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Probable winter kill
Yesterday (12 Dec) I killed a mulie doe about 20 miles west of Lewistown, MT. She had fawns so was mature. It got to 9 degrees last night so I hung her for about 4 hours to cool and then used the truck to pull her hide off.
She had zero fat. Reminded me of the caribou we used to kill on Adak in March.
There were about 100 deer in a couple square miles. North of there the rancher said there are a couple hundred more. We have had severe to extreme drought in the area and the rain we got was too late to provide much forage.
Things could improve but our forecast is for cold through the rest of the month. I can't see how we can expect anything except a lot of dead deer and poor fawn production next spring.
Several trips to the Breaks this fall showed the range to be in the same condition.
Bad news story in northern Saskatchewan as well. Last winter we had a deep snowpack with multiple layers of crust in it from midwinter melts. We knew we lost deer last winter, but not until hunting this fall did we get a feel for just how many we lost. I’ve talked with some outfitters along the forest fringe and they say this season was bad. We estimate half the herd died off. I chose not to fill my doe tag this fall - better to let mama have her fawns in the spring.
That’s terrible news about the likely coming die off. I suppose any effort to feed them is off the table.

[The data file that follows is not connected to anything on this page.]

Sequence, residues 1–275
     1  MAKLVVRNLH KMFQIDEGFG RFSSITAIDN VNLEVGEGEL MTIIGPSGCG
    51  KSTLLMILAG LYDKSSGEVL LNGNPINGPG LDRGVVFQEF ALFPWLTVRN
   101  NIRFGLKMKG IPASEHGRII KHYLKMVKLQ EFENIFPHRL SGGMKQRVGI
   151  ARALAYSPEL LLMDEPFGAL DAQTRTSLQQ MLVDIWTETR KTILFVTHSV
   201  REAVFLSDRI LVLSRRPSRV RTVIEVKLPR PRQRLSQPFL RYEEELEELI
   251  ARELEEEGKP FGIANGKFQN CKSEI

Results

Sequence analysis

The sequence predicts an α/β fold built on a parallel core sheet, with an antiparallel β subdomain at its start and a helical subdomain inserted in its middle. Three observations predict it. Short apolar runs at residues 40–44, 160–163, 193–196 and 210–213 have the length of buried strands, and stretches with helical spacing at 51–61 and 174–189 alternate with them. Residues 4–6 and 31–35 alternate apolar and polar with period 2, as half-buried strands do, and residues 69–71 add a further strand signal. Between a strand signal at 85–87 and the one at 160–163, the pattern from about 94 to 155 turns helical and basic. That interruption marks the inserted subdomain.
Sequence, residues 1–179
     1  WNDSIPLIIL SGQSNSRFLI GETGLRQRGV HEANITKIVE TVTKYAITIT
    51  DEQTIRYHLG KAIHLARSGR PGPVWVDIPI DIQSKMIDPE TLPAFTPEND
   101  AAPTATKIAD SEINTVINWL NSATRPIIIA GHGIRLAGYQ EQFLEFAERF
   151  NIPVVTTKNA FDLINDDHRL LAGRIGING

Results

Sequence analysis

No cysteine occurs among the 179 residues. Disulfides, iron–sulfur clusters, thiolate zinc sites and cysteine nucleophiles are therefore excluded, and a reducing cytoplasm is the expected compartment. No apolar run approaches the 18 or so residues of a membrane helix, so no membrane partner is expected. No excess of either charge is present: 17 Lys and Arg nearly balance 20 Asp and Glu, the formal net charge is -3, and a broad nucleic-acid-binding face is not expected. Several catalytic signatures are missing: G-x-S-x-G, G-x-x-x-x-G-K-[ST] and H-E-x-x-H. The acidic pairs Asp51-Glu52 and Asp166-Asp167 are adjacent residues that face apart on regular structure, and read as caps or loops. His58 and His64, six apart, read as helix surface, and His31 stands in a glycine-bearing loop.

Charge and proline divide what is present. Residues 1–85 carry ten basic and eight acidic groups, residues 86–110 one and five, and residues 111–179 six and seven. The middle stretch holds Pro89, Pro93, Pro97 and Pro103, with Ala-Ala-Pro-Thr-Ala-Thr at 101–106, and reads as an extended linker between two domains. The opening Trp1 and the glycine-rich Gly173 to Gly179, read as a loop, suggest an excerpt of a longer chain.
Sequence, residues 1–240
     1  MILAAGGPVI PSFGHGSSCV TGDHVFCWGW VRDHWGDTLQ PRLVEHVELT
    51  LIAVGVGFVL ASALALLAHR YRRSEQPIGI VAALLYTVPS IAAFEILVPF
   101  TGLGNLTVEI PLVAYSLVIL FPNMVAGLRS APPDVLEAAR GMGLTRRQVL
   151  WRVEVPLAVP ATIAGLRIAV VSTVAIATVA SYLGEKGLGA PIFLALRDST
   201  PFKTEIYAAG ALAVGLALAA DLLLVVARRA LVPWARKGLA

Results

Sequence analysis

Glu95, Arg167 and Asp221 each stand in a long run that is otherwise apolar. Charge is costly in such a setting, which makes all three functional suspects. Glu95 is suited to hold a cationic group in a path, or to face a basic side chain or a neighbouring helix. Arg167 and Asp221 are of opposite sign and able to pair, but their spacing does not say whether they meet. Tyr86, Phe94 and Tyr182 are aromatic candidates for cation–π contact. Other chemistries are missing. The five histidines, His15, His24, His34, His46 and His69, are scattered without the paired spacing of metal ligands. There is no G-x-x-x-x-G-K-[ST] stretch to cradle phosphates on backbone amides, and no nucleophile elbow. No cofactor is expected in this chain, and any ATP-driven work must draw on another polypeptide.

Ironically killing as many as legal and possible will result in more survivors in the spring.
Gonna be tough the way things are shaping up. Feels like a real MT winter at the moment.
They’re already all dead in Eastern MT so may as well have a winter and get some moisture in the ground out that way.
Colorado is at 110% of its median snowpack right now, and forecasts indicate plenty more is coming. Yes, it will take its toll on wildlife, but I'm honestly thankful for the moisture. The recent droughts have been brutal on our water supplies. Millions of people rely on snow melt from the Rockies, not only in the Rocky Mountain states but also in states that are downstream. Mother Nature has her own balance, and she doesn't favor any particular species of animals, unlike humans.
Oh, we need a bad winter. Ranchers here are selling productive cows. Feed costs are through the roof. My springs are down. Our only hope for next year is a lot of snow and a wet warm spring.
What we really needed was a change in attitude about shooting does. Years back I was talking to a deputy sheriff about not being able to get people to come and kill does on me. He said "We like to shoot bucks". I told him that didn't help keep the herd in balance and he said "We like to shoot bucks". I walked off.
I never understood why someone would rather shoot a year old mulie buck when a big doe would provide more meat and help the herd and the rancher.
LKH, I agree with you. I always try to kill some does and have let nice bucks walk by to shoot a doe. I have killed lots of nice bucks over the years but now just hunt for my freezer and crock pot. Getting old changes things. We have too many deer in my area and the farmers want you to kill them all.
Last winter was bad in Manitoba. This winter is not starting well. Got a rain that froze a crust a few days ago. We’ve had some super cold weeks already and 5 days of snow on the way. Not liking the way it’s shaping up